Mass. beauticians taught to spot domestic violence

Published on NewsOK Modified: February 2, 2014 at 9:46 am •  Published: February 2, 2014

MEDFORD, Mass. (AP) — Massage therapist Marriam Donovan says she grew up watching her stepfather beat her mother, so she's familiar with domestic violence. Now she's being asked to look for similar abuse among her clients.

Donovan and hundreds of other women have received training under a program aimed at reaching victims of domestic violence through their hairstylists, skin care specialists, makeup artists and other salon professionals.

Donovan was among 80 students at the Elizabeth Grady School of Esthetics and Massage Therapy in Medford who participated in a recent session in the "Cut It Out" program run by the office of Middlesex District Attorney Marian Ryan. The program is designed to teach beauty professionals to identify signs of abuse and to refer clients to local battered women's shelters and other community service providers.

"If I had to help somebody going through this, I think I would do a good job because I've been through it," said Donovan, who grew up in Johannesburg, South Africa.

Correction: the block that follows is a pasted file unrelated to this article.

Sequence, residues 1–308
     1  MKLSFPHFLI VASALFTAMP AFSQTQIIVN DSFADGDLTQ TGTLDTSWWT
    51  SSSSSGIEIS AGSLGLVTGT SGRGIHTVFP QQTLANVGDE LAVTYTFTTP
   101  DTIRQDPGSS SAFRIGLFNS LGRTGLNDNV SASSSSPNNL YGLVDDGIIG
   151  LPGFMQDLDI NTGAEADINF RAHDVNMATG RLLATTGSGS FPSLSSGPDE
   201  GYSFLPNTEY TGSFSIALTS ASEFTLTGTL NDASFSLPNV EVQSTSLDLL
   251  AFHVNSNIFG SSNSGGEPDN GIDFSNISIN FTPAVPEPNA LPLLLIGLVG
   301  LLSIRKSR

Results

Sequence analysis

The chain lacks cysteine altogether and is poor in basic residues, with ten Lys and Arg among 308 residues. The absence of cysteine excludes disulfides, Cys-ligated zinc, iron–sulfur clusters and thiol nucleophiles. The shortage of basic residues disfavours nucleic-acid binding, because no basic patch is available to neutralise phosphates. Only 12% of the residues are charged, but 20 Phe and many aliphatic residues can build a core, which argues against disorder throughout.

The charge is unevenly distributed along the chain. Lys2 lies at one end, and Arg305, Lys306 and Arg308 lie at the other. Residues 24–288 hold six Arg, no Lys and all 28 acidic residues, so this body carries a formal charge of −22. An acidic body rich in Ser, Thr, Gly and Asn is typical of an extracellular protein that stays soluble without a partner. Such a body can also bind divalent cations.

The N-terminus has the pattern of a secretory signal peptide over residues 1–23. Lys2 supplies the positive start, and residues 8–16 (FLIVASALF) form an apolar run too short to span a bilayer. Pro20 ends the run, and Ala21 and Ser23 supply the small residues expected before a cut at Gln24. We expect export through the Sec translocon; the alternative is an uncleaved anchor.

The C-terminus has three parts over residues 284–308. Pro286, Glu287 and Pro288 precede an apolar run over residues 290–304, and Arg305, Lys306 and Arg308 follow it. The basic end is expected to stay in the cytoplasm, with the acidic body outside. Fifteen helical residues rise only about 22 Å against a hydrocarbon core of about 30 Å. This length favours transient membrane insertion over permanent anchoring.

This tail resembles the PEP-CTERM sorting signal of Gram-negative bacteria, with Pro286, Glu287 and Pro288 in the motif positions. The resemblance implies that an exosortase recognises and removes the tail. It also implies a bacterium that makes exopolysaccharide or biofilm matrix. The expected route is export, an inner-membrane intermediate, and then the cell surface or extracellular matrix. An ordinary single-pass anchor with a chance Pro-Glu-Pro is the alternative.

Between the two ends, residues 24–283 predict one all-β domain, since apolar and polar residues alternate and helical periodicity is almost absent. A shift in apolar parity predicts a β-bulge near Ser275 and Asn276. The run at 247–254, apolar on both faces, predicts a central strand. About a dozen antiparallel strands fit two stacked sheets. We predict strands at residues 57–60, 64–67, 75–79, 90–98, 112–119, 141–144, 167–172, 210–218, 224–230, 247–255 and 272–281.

"I know the signs," she said. "I do know how to approach someone without them feeling like they're being judged."

Ryan said "Cut It Out," a program first started in Birmingham, Ala., in 2002, relies on the warm relationships women often have with their beauticians to encourage victims of domestic violence to seek help.

"We're not asking them to become deputies or police. It's really about helping get information into the hands (of victims)," Ryan said.

Ryan started bringing the program to vocational schools in 2009 and then added private salons and beauty schools. Over the last five years, more than 900 people have been trained under the program, she said.

Ryan told the Elizabeth Grady students that because of the personal nature of their work, beauticians are in a unique position to spot signs of violence that many people wouldn't notice, including bumps or scars on the scalp, missing or damaged hair, red marks or bruising on the neck, as well as missed appointments, nervousness or anxiety. They were advised to be supportive and nonjudgmental and to gently refer the woman to brochures or cards in the salon containing information about local groups that can help.

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